The Susan B. Krevoy Eating Disorders Treatment Program occasionally features guest bloggers to share their stories and inspire our community. Today we’re proud to feature Valentina McGuff, an aspiring author and guest lecturer at Abertay University in Dundee, Scotland, who has successfully battled her own issues with eating. If you’d be interested in sharing your story, please contact us at firstname.lastname@example.org.
My name is Valentina (Tina McGuff) and I live in the beautiful city of Dundee, Scotland.
I can remember the exact moment I became anorexic. It was a comment made and hit a switch in my brain to change my whole perception of myself. I was on a beach in Italy and I happened to see someone indicate my bottom was large – that was it. The switch was triggered.
Afterwards I went from a healthy 13-year-old teenager of 9 stone (126 pounds) to a life threatening weight of 4 stone (56 pounds). I became so obsessed that I thought there were calories in air and tried to control my breathing. Even I knew it was time for help.
My parents finally got me admitted into an adult psychiatric unit. I was put on a regimented programme where I was confined to a bed 24 hours a day with a nurse with me the whole time. If I needed to go to the toilet, the nurse would also stay with me in the bathroom. I found it very degrading and upsetting even though I was very ill. I was force fed via nasal gastric tube to keep me alive.
It did seem very barbaric to me at the time, yet it did work initially for me. However, what would then happen is once I gained some weight and was given more freedom, I would spend hours running up and down stairs in the hospital and then lose the weight again. It was a vicious cycle but after years of the cycle I did eventually get better.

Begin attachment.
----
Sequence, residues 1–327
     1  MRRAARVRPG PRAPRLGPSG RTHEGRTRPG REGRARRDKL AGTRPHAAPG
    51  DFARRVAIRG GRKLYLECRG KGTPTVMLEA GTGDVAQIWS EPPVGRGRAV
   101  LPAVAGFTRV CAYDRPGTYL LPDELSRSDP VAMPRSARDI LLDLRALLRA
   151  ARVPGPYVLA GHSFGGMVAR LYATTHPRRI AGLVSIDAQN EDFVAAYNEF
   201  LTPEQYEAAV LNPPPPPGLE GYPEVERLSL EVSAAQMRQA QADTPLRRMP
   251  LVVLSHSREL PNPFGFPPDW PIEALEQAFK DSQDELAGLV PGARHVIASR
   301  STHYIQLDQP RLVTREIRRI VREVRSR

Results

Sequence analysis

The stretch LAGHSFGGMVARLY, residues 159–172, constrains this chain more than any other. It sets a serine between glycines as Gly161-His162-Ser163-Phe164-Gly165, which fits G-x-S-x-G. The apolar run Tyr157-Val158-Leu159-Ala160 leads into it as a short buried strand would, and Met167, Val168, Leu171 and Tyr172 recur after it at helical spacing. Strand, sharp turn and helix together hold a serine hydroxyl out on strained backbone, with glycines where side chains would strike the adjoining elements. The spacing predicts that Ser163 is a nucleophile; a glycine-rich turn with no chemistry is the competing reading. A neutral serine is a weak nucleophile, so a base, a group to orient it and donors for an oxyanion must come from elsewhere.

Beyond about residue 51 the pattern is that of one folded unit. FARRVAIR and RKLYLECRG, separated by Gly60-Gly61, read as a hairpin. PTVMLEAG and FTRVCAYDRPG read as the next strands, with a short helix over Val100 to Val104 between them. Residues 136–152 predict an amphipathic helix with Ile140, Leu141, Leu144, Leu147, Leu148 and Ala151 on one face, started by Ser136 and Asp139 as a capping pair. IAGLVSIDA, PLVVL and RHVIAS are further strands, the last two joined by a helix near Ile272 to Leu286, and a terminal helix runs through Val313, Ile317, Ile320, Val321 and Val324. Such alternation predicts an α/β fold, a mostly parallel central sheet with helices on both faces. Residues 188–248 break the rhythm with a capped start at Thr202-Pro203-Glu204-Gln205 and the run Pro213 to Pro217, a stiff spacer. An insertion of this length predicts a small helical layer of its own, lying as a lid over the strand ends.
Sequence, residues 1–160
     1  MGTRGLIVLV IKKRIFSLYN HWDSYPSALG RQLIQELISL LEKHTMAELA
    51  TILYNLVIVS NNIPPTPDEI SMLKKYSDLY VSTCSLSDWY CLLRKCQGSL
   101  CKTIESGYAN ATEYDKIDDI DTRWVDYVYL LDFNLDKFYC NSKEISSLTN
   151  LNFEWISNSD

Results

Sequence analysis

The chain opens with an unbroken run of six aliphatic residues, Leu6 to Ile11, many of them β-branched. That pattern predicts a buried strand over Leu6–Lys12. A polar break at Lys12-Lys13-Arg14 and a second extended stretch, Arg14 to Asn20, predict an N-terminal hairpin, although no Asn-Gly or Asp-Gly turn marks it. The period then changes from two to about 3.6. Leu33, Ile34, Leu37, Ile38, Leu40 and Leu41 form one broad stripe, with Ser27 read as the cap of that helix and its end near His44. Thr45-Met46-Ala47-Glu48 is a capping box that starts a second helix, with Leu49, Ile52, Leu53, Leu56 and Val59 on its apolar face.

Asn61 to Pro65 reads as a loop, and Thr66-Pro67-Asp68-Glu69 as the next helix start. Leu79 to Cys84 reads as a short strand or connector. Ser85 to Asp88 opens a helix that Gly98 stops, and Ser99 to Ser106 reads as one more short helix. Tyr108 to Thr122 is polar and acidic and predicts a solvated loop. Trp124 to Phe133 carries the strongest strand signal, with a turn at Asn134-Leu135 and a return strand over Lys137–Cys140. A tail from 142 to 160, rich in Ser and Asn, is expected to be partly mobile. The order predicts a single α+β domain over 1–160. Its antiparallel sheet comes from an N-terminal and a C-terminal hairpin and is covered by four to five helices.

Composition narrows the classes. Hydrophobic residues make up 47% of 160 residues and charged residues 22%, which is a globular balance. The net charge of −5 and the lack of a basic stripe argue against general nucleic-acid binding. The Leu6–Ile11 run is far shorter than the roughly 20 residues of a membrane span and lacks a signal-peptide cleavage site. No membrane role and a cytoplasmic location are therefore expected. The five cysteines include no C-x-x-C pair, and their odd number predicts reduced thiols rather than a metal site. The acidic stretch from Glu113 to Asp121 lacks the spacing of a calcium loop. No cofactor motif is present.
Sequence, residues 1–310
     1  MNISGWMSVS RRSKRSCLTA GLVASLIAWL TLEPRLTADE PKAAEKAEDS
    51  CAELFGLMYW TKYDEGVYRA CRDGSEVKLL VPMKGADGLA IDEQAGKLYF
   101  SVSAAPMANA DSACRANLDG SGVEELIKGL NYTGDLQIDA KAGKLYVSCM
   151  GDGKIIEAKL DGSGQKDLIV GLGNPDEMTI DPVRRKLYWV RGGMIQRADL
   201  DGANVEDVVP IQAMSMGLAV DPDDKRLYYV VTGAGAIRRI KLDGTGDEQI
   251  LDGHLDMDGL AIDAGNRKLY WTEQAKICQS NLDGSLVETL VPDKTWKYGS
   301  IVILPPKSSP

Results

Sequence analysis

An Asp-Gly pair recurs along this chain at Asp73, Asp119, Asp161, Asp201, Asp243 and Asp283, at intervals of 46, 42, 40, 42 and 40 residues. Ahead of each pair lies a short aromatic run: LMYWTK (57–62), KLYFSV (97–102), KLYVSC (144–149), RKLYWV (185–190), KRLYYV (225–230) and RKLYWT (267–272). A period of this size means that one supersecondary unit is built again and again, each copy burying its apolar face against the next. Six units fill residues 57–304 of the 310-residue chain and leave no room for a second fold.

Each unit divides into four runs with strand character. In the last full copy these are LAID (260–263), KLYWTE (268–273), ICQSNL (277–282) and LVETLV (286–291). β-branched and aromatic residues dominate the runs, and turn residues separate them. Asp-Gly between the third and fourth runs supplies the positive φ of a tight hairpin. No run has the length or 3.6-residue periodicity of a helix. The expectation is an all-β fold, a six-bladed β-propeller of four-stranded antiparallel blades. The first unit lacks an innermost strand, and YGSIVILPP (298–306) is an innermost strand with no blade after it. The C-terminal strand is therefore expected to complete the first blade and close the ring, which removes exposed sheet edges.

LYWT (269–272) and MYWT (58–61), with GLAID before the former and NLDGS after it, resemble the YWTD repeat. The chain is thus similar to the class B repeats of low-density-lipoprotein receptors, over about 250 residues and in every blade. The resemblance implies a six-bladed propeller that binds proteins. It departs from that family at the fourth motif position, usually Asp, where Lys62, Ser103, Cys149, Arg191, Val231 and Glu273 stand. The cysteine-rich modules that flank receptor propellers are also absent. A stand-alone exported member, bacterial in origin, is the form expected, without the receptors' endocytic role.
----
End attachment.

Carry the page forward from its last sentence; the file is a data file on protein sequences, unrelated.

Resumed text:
It took a lot of input from psychiatrists, behavioral therapists, and occupational health workers, as well as nursing therapy. Once I became happy on the inside I began to relinquish control over my eating. It was grueling and took years. As I alluded to at the start I remember the trigger to put me into the spiral – and I also remember the trigger that got me out.
I wanted to starve myself to death. I was resolute. I was done. I had not had visitors as my weight was too low and in fact I was losing more as I lay in the bed. I lay there day after day thinking my family no longer cared. After a few weeks I heard unfamiliar footsteps and looked over at the nurses’ station to see my Dad. He was asking the nurse to see me. He was immediately taken away but before he turned the corner he looked back and our eyes locked. His whole face changed in a second…revulsion, pain, hate, sadness and complete despair all came from his eyes and face to hit me like a steam train. That was the look that shifted things for me – I did not ever want to see anyone look at me that way again in my whole life, especially my father or family. So right there and then I decided it was time to change.
I know for a fact if he had not come into the ward that day I would not be here to write this blog. I have written a book about my experience and I now lecture to students studying psychology and mental health at Abertay University. This is a dream for me to finally be able to give back and make use of my horrific time I had.